But Gov. Romney should have been an excellent candidate. He is a successful businessman who became the Republican governor of an extremely Democratic state and gained national prominence through his stewardship of the 2002 Winter Olympics.
And have you seen that hair? Should be a lock.
Until, of course, the national party got hold of him and forced him to basically abandon any and all of his moderate positions. It’s the same national party that suddenly, after years of the same people voting for wars and government entitlement program expansion paid for entirely by borrowed money, are now deficit hawks. Vice-presidential candidate Paul Ryan, I am looking at you.
Voters notice those things.
The problem with the national party was very apparent here in Washington, where Rob McKenna – despite being a very popular statewide politician with, generally speaking, moderate views – lost to Standard Seattle Cookie Cutter Democrat No. 4.
By all rights, McKenna should have won this election. But the “R” after his name proved difficult to get around on the blue side of the state.
Knowing the national party’s positions would be untenable to most thinking voters, the national Big Money groups supporting Democrat Jay Inslee ran commercial after commercial tying McKenna to national Republican positions – positions the commercial (if you listened careful) didn’t even say he shared.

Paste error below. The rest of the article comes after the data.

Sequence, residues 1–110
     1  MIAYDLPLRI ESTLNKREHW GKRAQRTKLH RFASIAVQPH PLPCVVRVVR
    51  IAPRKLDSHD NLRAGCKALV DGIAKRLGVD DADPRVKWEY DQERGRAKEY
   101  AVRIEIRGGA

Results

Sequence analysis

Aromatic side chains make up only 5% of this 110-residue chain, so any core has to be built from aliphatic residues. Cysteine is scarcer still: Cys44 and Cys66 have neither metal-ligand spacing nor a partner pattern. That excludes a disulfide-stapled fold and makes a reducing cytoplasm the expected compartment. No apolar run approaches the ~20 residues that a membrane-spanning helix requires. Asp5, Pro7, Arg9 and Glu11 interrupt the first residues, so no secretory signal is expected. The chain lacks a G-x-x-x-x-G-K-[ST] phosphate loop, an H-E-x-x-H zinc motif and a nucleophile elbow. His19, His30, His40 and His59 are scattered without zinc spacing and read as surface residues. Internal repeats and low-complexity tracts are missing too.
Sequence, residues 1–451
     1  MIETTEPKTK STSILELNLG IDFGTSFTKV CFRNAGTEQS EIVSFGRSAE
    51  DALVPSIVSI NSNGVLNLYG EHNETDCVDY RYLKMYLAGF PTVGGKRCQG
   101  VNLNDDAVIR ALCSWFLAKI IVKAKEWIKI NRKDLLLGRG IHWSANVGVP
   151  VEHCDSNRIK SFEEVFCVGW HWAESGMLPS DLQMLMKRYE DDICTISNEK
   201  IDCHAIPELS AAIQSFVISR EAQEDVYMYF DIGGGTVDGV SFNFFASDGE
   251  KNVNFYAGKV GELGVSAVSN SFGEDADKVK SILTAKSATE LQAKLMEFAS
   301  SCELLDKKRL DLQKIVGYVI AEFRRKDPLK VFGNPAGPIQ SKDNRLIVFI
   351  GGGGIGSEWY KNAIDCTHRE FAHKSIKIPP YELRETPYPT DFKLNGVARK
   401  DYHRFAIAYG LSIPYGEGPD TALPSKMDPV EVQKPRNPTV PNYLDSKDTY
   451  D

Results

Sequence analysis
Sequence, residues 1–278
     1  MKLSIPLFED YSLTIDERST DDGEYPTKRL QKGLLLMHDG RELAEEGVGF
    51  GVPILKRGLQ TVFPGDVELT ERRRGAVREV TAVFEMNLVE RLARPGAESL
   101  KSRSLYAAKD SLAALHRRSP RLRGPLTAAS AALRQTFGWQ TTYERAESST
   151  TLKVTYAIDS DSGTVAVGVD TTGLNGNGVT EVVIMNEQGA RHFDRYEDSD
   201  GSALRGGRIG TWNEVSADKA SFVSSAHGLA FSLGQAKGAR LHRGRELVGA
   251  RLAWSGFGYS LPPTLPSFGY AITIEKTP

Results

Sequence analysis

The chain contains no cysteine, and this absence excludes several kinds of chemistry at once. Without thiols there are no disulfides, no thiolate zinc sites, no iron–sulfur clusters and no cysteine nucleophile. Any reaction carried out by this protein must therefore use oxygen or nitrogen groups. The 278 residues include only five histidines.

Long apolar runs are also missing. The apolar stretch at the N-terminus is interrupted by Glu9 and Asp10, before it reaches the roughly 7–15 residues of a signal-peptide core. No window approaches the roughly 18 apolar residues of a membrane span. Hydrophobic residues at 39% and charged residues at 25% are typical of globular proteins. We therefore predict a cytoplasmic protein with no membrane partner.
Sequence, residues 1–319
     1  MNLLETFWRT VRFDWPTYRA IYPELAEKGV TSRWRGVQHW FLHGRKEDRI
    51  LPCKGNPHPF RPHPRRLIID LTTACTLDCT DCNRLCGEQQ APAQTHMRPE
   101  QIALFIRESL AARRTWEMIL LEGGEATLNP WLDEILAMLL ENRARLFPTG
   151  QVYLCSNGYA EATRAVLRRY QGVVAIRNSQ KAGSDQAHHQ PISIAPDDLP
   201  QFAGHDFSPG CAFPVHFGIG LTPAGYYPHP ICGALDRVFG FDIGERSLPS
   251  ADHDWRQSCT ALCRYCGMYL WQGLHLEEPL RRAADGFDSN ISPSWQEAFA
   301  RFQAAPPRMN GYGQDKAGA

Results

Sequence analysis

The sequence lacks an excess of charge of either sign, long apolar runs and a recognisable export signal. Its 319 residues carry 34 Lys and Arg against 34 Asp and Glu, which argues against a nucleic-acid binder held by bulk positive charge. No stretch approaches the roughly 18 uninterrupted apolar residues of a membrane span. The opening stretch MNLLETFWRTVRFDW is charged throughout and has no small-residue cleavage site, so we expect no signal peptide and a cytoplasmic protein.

Now, we should not discount McKenna’s decision as attorney general to challenge the Affordable Care Act, which is and always had been quite popular in this state. That not only wasted money but put him at odds with a majority of the electorate.
Then there were his terrible commercials, which again treated me like I was dumb enough to believe the problem in getting more funding for schools was somehow the Democratic governor and not the Republican senate and that’s he’d magically fix it.
But still, I think the biggest problem was the “R” baggage McKenna carried.
So here we are, a month later, finally getting back to try and fix this whole (terribly named) “fiscal cliff” can the current congress kicked down the road to this moment.
It used to be that when an election ended, the losing side would, generally speaking, recognize the will of the people and get on board with the agenda of the victor and work to make that agenda as palatable as possible to their side.
But this is not happening this time around.
Instead of recognizing that whether they like it or not, the people have spoken and have approved the president’s plan for the budget and deficit – it was the main issue in his presidential campaign, after all – the Republicans have again decided to continue the permanent campaign and fight battles I thought we finished fighting a month ago.
Again, an example of epistemic closure.
And this is a big problem, not just for the Republicans, but for our state and country. We need a rational dissenting voice and right now we don’t have one.
Which is too bad, we need that.
But if nothing else, can we keep the campaign bombast keep it down for a bit? Some of us are still trying to recover…